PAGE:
Buffets and sideboards can either match your dining room set and decor or are vastly different in style for a more modern, eclectic look. If your dining room set didn't come with a buffet or sideboard, you can still find one in a similar style, even if it's not a perfect match. Or consider adding a bright contrasting color into any style of a dining room by choosing a painted buffet or sideboard.
Why do you like it?
- Which features will you use most often?
- Which convenient special features are available?
- Which stylistic elements do you like the best?
- Does it complement your existing decor?
What’s your style?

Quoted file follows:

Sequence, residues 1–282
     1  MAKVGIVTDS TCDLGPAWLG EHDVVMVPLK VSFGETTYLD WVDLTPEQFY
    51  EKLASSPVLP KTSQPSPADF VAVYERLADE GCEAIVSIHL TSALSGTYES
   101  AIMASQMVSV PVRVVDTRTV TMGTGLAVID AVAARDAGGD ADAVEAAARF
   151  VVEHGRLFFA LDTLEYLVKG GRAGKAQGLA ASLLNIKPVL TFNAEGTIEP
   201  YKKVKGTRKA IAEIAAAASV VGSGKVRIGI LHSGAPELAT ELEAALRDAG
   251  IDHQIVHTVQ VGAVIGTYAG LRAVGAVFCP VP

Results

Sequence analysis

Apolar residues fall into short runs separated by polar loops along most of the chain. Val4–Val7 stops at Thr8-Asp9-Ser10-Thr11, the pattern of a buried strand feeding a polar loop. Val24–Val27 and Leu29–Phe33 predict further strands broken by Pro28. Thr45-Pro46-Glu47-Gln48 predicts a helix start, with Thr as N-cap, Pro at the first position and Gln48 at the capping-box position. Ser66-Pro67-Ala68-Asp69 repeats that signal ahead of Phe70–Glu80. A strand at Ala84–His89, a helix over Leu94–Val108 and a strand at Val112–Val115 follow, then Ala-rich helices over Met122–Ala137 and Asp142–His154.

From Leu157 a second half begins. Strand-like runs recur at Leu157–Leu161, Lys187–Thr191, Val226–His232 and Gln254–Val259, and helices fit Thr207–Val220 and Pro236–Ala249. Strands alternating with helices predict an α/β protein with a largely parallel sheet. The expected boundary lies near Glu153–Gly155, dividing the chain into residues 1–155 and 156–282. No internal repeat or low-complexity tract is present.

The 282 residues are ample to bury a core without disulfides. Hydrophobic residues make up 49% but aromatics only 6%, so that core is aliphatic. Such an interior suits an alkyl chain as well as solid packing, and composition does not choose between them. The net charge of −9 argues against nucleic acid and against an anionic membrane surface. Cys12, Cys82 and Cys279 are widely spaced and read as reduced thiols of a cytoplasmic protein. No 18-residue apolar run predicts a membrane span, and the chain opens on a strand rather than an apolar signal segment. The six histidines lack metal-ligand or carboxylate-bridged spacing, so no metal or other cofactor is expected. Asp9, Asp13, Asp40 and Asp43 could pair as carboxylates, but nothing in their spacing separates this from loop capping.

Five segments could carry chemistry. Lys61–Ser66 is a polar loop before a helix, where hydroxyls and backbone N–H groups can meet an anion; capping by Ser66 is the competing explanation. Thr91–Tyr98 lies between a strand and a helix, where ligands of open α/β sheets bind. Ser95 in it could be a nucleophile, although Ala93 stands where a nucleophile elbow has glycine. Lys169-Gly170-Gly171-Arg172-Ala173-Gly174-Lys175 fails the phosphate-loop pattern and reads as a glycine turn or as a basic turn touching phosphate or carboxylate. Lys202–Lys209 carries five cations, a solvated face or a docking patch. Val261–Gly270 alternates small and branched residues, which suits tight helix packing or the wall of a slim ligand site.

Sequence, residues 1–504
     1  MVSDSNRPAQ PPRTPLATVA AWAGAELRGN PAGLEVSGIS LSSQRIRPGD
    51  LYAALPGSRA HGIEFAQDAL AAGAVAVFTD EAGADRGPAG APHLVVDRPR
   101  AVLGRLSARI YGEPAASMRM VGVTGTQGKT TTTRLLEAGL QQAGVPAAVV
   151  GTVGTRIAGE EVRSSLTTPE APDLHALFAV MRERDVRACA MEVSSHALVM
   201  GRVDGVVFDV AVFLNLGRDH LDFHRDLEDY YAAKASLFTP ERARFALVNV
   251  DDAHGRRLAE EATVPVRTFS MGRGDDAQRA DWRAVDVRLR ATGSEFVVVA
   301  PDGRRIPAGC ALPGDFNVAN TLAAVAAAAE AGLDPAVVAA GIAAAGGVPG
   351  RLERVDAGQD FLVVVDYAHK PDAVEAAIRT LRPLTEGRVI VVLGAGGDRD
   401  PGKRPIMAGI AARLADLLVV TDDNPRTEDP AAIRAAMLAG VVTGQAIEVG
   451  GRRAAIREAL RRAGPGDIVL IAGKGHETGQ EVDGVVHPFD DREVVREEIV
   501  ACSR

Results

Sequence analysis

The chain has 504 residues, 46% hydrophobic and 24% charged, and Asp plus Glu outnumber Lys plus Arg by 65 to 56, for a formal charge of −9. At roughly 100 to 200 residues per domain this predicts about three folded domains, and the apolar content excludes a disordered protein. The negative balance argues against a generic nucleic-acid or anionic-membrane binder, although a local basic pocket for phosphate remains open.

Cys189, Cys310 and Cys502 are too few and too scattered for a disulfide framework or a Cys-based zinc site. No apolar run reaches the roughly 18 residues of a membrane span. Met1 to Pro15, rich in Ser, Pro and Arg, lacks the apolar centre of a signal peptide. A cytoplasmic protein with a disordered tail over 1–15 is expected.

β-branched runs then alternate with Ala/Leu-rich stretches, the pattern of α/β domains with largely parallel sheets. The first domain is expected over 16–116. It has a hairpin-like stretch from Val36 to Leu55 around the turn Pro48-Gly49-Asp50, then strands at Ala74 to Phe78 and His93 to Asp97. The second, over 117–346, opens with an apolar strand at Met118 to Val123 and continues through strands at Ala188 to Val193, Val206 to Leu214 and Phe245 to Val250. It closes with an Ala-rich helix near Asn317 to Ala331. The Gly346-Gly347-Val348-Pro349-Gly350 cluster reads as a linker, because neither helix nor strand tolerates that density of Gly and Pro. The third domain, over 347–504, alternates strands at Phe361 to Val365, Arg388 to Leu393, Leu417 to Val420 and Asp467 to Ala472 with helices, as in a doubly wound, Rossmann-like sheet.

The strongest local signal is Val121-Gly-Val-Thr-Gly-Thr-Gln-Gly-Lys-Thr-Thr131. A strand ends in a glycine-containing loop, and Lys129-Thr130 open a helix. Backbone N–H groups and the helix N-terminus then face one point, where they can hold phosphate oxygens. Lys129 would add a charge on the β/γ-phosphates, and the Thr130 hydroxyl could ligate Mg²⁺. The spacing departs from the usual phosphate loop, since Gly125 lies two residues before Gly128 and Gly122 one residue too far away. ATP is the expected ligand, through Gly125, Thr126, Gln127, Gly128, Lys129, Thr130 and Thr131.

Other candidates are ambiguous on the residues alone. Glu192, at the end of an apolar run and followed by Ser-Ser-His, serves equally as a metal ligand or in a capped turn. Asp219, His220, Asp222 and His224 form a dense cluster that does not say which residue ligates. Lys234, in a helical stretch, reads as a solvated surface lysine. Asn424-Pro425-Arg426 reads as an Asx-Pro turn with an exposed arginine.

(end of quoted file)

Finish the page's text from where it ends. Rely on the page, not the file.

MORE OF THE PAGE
Finally, style. Look for a piece that blends seamlessly into your home. Sideboards and buffets are traditionally rather formal, but with all the contemporary design options out there this doesn’t have to be a rule. With endless designs and configurations, it’s important to list your personal preferences. Keeping the true purpose of credenzas in mind – storage and display – along with your own style and decor preferences will help you decide which style is right for you.
Traditional: For a classic home that doesn’t need a complete overhaul every time home decor trends shift, traditional credenzas are the sweet spot. Heavy wood, detailed carvings, and a more formal feel mark these credenzas.
Contemporary: This type of credenza is most suitable for the office with modern interior designs. More often than not, it has a bare look and it can be used to merge effectively with other trends of office furniture.